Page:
A coffeemaker with a clock in it seems like a good idea, but is it? The coffee isn’t as good if you grind and set it up the night before because flavors are released into the air, but I agree it might still be worth it. Of course I can do all this except press the on button the night before with any regular coffeemaker.
But, there are legitimate conveniences I truly wish would work, such as on-board grinders. These almost never are good grinders, even the burr grinders. And, they are difficult and sometimes impossible to clean. And still, the brewing needs to be right.
I’ve been looking over reviews for the past years. I can’t find a single all-in-one coffeemaker that is in the top rank. If it did, I’d almost guarantee it would be a bestseller. But, there isn’t and that’s the truth. Is it that they don’t know? Has the SCAA and various authors and coffee experts done such a poor job of teaching the brewing basics?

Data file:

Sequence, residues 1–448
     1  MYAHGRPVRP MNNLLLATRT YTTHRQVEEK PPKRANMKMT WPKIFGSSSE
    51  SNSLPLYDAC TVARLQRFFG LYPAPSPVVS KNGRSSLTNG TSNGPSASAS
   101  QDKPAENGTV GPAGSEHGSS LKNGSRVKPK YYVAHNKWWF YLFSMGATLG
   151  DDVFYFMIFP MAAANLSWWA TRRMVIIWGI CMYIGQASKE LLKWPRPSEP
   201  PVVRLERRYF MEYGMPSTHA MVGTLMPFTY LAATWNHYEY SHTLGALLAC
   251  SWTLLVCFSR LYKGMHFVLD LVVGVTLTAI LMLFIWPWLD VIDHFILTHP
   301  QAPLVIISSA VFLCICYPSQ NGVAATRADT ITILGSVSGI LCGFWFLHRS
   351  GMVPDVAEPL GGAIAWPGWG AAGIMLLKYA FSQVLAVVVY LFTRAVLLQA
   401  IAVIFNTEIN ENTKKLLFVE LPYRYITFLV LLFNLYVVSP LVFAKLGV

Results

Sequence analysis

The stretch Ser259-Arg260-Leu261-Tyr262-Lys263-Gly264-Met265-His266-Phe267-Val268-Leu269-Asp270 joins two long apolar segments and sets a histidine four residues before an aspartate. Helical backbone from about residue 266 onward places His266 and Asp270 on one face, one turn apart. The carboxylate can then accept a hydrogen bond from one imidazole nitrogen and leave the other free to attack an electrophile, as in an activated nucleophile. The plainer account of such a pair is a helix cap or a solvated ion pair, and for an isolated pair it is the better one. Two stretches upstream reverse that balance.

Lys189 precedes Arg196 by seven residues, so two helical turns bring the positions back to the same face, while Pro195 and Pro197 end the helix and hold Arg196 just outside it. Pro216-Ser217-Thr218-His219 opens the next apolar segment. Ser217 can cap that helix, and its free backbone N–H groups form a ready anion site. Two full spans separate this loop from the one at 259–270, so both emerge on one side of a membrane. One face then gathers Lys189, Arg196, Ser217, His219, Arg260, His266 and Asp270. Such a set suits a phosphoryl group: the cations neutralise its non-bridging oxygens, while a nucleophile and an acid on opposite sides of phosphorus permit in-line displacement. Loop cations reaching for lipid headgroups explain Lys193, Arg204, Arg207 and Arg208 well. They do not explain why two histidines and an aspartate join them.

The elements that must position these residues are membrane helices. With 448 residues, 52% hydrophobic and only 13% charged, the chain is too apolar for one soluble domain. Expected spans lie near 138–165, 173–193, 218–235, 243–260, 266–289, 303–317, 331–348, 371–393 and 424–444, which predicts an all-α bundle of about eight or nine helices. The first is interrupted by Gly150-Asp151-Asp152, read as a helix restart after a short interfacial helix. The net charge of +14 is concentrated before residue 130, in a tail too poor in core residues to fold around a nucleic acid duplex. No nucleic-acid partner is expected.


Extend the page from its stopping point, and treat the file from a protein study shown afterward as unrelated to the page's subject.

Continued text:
I suspect the answer is the manufacturers of such machines automatically presume the enduser of such gear has no interest in anything but the gimmick or feature. Or they feel that by being the single player that satisfies this particular need they no longer need to try to do it all.
But, I wish otherwise. I genuinely like gimmicks. I like extra features. I simply wish a machine with extra features would also make good coffee.
The Zojurushi 5-cup coffeemaker attracted my attention at a previous International Housewares show. I’d been trying to find a successor to the legendary Kitchen Aid 4-cup. Could this be it? My appetite was whetted when I ran into it again at Oren’s Daily Roast. I practically begged him to let me try it, but I’m already into him for so much coffee, he put me off. Finally I got the courage to scarf one from their sales rep at this year’s Housewares show. I was pretty excited to see it. It has the second most important virtue of any coffee gear, good looks.